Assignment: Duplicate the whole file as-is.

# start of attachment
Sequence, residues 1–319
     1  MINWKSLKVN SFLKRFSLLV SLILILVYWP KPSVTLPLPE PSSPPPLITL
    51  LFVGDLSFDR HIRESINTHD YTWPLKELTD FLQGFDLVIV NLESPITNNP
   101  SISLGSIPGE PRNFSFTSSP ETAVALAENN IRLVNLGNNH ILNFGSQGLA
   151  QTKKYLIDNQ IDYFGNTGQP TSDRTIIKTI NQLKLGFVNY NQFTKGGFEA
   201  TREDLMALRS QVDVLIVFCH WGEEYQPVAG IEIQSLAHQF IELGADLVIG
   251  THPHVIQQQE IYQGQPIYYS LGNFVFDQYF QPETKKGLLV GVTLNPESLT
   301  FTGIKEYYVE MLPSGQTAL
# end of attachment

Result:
Sequence, residues 1–319
     1  MINWKSLKVN SFLKRFSLLV SLILILVYWP KPSVTLPLPE PSSPPPLITL
    51  LFVGDLSFDR HIRESINTHD YTWPLKELTD FLQGFDLVIV NLESPITNNP
   101  SISLGSIPGE PRNFSFTSSP ETAVALAENN IRLVNLGNNH ILNFGSQGLA
   151  QTKKYLIDNQ IDYFGNTGQP TSDRTIIKTI NQLKLGFVNY NQFTKGGFEA
   201  TREDLMALRS QVDVLIVFCH WGEEYQPVAG IEIQSLAHQF IELGADLVIG
   251  THPHVIQQQE IYQGQPIYYS LGNFVFDQYF QPETKKGLLV GVTLNPESLT
   301  FTGIKEYYVE MLPSGQTAL